. We take this opportunity to overrule Maddox v. Brown, 188 Ga. App. 728 (374 SE2d 222) (1988)
, and all cases which follow its holding, because it is inconsistent with the holding in Miller Grading in that it reversed the grant of summary judgment and remanded the case to the trial court for consideration of all evidence without first making a determination of whether such a remand was necessary on the ground of harmless error. Having reviewed the depositions of the parties, we conclude any error in the trial court's failure to consider this evidence was harmless because no issue of material fact is created by the deposition testimony. See Malloy v. Cauley, 169 Ga. App. 623
, 625 (2) (314 SE2d 464
BEASLEY, Judge, concurring specially.
Maddox v. Brown, 188 Ga. App. 728 (374 SE2d 222) (1988)
, should not be overruled because it is correct. There the trial court expressly confirmed that it had not considered the deposition, even though it was on file at the time the court ruled on the motion for summary judgment. That is error because OCGA 9-11-56
(c) requires a consideration of the entire record. The question before the trial court is whether there is anything in the record which shows that a genuine issue of material fact remains unresolved. Obviously, one must be cognizant at least in general of the whole of the record in order to ascertain this, focusing on those issues which the parties contend remain.
It is true that a review of the ruling on summary judgment is de novo, with the appellate court examining the record anew because only the legal question as to whether the law demands judgment or not is at issue both before the trial court and the appellate court. The appellate court must conduct the same inquiry which the trial court was bound to undertake. If the trial court did not fully perform its statutory obligation by failing to follow the prescribed procedure of considering the entire record, it is error which can be corrected by directing it to do so. On the other hand, Miller Grading Contractors v. Ga. Fed. &c. Assn., 247 Ga. 730 (3) (279 SE2d 442) (1981)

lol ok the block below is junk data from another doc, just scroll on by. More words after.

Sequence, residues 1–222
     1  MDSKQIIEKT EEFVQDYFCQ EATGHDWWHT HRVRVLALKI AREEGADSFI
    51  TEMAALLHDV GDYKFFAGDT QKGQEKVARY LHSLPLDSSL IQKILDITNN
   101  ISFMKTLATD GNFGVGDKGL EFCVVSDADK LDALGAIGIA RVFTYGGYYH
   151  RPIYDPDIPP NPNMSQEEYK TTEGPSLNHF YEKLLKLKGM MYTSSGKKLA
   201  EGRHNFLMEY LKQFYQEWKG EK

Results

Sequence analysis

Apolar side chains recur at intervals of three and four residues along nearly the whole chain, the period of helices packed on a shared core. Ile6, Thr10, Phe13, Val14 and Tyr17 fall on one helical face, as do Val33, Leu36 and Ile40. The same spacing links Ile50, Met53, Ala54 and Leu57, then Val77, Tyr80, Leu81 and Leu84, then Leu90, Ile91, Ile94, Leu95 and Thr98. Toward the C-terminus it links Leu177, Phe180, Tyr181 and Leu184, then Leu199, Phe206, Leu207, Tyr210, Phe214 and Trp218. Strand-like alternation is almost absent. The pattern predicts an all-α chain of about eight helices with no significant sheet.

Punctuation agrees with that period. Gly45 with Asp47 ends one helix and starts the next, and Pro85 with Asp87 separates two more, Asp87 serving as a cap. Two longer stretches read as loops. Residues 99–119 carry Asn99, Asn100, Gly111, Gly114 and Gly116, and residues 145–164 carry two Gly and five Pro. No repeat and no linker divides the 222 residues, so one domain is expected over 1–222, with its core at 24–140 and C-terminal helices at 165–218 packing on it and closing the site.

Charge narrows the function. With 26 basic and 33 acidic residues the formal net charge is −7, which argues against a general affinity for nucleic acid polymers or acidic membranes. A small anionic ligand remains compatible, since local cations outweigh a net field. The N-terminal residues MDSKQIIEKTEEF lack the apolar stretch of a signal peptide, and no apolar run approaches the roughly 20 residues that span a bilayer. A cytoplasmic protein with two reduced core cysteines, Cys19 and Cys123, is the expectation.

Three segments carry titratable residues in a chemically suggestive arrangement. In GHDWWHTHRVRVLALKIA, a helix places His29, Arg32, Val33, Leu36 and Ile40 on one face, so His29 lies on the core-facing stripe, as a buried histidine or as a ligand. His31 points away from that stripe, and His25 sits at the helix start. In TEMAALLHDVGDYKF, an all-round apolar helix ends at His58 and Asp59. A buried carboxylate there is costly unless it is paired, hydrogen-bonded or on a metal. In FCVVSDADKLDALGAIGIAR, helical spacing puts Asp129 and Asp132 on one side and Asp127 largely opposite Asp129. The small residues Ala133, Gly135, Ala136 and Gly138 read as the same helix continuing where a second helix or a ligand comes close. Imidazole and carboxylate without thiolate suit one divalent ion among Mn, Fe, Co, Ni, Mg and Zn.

, took the approach that if the trial court's error is harmless in that review of the entire record, which is the mandated procedure, would lead to the same result reached erroneously, then requiring the erring court to reconsider the motion wastes judicial resources and delays finality.
In Maddox it was not shown that a review of the ignored deposition would lead to the same result. In other words, harmless error was not shown, so it was not appropriate to apply the rule used in Miller Grading, that "[a] judgment correct for any reason will be affirmed. [Cits.]" McLean v. McLean, 242 Ga. 71
, 72 (1) (247 SE2d 867